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Diabetics at Greater Risk of Developing Dry Skin, Infection

Thursday, October 29, 2009 General News J E 4
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The American Diabetes Association's Stop Diabetes(SM) movement shines light on proper skin care this November during American Diabetes Month(R)

MAPLE GROVE, Minn., Oct. 29 -- As American Diabetes Month approaches, leading experts like Dr. Jacqueline Sutera, DPM, stress the importance of foot care, especially for those with diabetes. People with diabetes are at a greater risk of developing dry skin due to nerve damage.(1,2)

In the United States 23.6 million people have diabetes.(3) While the disease may present many challenges, most skin conditions associated with diabetes can be prevented, or if detected early, easily treated.(4)

Diabetes may damage the nerves in the skin, which can impair the body's ability to sweat. Without this function, skin that is normally well hydrated becomes dry, and then cracks. When blood glucose is high, the body loses fluid. With less fluid, the skin can become dry and itch, causing one to scratch their skin and make the dry skin sore.(1,2) If left untreated, cracked, dry skin can open the door to very serious complications such as bacterial and fungal infections.(5)

"There are many preventive steps people with diabetes should take to reduce the likelihood of complications from dry skin on the feet," said Sutera. "Regular visits with a podiatrist, who can examine your feet, along with meticulous daily foot care, are vital to helping feet stay healthy."

One of every three people with diabetes will experience some type of skin disorder.(4) You can help to maintain healthy skin with a few lifestyle adjustments:

  • Keep your glucose levels well managed to decrease likelihood of dry skin.
  • Keep skin clean and dry by using talcum powder in areas where skin touches skin, such as armpits and groin.
  • Avoid using very hot water when bathing, limiting bath and shower time to between 5 and 10 minutes, and use a mild or moisturizing soap/shampoo/conditioner.
  • Apply a moisturizing lotion or cream immediately after bathing – while the skin is still moist – to help retain water in the skin and to prevent chapping.
  • Check feet every day for sores and cuts. After bathing or showering, dry feet thoroughly and apply a moisturizer, except between toes. Careful, too much moisture there can increase the risk of infection.(5)

The American Academy of Dermatology recommends lactic acid-based moisturizers as an option to help heal severely dry skin.(8)  "By using a thin coat of foot lotion like AmLactin® Foot Cream Therapy, a lactic acid-based product to help keep the skin moisturized, diabetics will be taking a positive step forward to healthy feet," explained Sutera.

Lactic acid, an extremely effective humectant, is a naturally occurring substance that attracts water molecules to the skin to keep it hydrated. No prescription is needed for AmLactin® products, but patients should see their doctor regularly to make sure their foot care needs are met.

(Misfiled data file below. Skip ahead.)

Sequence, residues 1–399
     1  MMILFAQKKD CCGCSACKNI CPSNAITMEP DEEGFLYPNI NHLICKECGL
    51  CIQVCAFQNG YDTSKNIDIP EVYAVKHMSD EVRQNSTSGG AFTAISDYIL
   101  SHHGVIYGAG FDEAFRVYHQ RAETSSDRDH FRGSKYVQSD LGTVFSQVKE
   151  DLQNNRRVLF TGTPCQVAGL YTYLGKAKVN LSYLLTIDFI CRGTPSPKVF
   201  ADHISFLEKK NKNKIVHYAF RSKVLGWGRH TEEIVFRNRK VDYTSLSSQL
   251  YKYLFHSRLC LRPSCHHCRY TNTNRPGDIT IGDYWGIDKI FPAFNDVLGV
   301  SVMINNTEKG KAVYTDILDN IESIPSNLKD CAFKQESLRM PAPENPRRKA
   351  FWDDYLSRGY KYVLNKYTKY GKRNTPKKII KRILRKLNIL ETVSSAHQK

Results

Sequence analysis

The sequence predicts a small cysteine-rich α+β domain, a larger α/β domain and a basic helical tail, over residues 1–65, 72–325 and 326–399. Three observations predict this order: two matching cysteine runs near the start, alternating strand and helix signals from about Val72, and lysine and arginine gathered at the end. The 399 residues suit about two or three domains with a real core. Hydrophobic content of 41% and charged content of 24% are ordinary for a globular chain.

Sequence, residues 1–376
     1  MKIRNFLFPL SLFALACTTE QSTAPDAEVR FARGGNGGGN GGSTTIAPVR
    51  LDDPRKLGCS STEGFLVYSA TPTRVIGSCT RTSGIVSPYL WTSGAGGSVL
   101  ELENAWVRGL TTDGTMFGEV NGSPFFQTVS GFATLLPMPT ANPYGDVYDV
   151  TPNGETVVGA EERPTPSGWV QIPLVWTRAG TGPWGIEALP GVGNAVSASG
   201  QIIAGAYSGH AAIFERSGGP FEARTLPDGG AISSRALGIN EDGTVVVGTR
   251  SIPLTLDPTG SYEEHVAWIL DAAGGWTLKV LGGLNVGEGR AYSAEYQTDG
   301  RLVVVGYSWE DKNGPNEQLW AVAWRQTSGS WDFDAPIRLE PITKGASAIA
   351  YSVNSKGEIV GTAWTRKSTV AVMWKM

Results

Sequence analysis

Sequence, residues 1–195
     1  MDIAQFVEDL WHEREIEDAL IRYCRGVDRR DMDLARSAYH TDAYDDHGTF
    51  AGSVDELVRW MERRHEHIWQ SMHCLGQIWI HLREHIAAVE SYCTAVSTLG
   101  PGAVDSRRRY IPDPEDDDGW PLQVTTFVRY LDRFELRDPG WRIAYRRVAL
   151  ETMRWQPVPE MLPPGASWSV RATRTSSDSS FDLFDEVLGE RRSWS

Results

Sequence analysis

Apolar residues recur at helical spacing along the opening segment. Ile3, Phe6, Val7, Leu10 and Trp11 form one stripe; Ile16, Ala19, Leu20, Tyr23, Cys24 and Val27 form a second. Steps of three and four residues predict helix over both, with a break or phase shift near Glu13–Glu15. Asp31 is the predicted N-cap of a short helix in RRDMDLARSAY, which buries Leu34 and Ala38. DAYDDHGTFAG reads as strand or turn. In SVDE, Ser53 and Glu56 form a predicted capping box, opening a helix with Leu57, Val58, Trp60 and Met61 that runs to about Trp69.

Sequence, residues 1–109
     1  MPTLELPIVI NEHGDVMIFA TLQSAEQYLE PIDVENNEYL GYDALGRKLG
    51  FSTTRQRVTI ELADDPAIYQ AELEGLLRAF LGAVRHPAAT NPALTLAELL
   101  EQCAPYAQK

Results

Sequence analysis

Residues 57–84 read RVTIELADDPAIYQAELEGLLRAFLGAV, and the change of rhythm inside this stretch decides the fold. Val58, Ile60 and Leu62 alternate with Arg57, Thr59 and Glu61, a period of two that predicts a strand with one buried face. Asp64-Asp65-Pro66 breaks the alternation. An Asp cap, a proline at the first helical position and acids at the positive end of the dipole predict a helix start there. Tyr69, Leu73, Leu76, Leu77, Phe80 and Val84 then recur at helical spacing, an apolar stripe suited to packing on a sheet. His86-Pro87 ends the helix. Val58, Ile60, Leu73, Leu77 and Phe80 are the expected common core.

AmLactin® Foot Cream Therapy has been awarded the American Podiatric Medical Association's Seal of Approval for its superior hydration formula and AmLactin® remains the No.1 recommended moisturizer by podiatrists.(7)

About the AmLactin® Family of Moisturizers

All AmLactin® products are available at fine retailers nationwide. Ask your pharmacist or visit: Target, CVS, Walgreens, Rite Aid, Costco or Wal-Mart. The AmLactin® family of moisturizers can also be ordered online at drugstore.com, amazon.com, hocks.com and medichest.com. These include: AmLactin®, which is available as a Moisturizing Body Lotion and Cream, AmLactin XL® Moisturizing Lotion, and AmLactin® Foot Cream Therapy.  For complete directions and cautions, please refer to individual product labels. AmLactin® is the No.1 dermatologist and podiatrist recommended moisturizer.(6,7) For more information, call 1-800-654-2299 or visit www.amlactin.com.

Upsher-Smith Laboratories, Inc.

Upsher-Smith Laboratories, Inc. is a rapidly growing pharmaceutical company that manufactures and markets both prescription and consumer products. Privately held since 1919, the company strives to recognize the unmet healthcare needs of its customers. Upsher-Smith prides itself in providing safe, effective and economical therapies to the ever-challenged healthcare environment. For additional information about Upsher-Smith, visit www.upsher-smith.com.

(1.) National Institute of Diabetes and Digestive and Kidney Diseases, National Institutes of Health. Prevent diabetes problems: keep your feet and skin healthy. http://diabetes.niddk.nih.gov/DM/pubs/complications_feet/. (2.) The Cleveland Clinic. Foot and skin related complications of diabetes. http://my.clevelandclinic.org/disorders/diabetes_mellitus/hic_foot_and_skin_related_complications_of_diabetes.aspx Accessed May 20, 2009. (3.) American Diabetes Association. All about diabetes. http://www.diabetes.org/about-diabetes.jsp. Accessed May 20, 2009. (4.) American Diabetes Association. Your body's well being: skin care. http://www.diabetes.org/type-2-diabetes/skin-care.jsp. Accessed May 20, 2009. (5.) Upsher-Smith Patient Brochure: Caring for diabetes and your skin. 2009. (6.) Most recommended moisturizing product for rough, dry skin. Omnibus Study. Dermatology Times. May, 2009. (7.) Kloos Donoghue S. Podiatry Management Annual Practice Survey. Podiatry Management. February 2009. (8.) American Academy of Dermatology. Dry Skin and Keratosis Pilaris. http://www.aad.org/public/publications/pamphlets/skin_dry.html.

SOURCE Upsher-Smith Laboratories, Inc.

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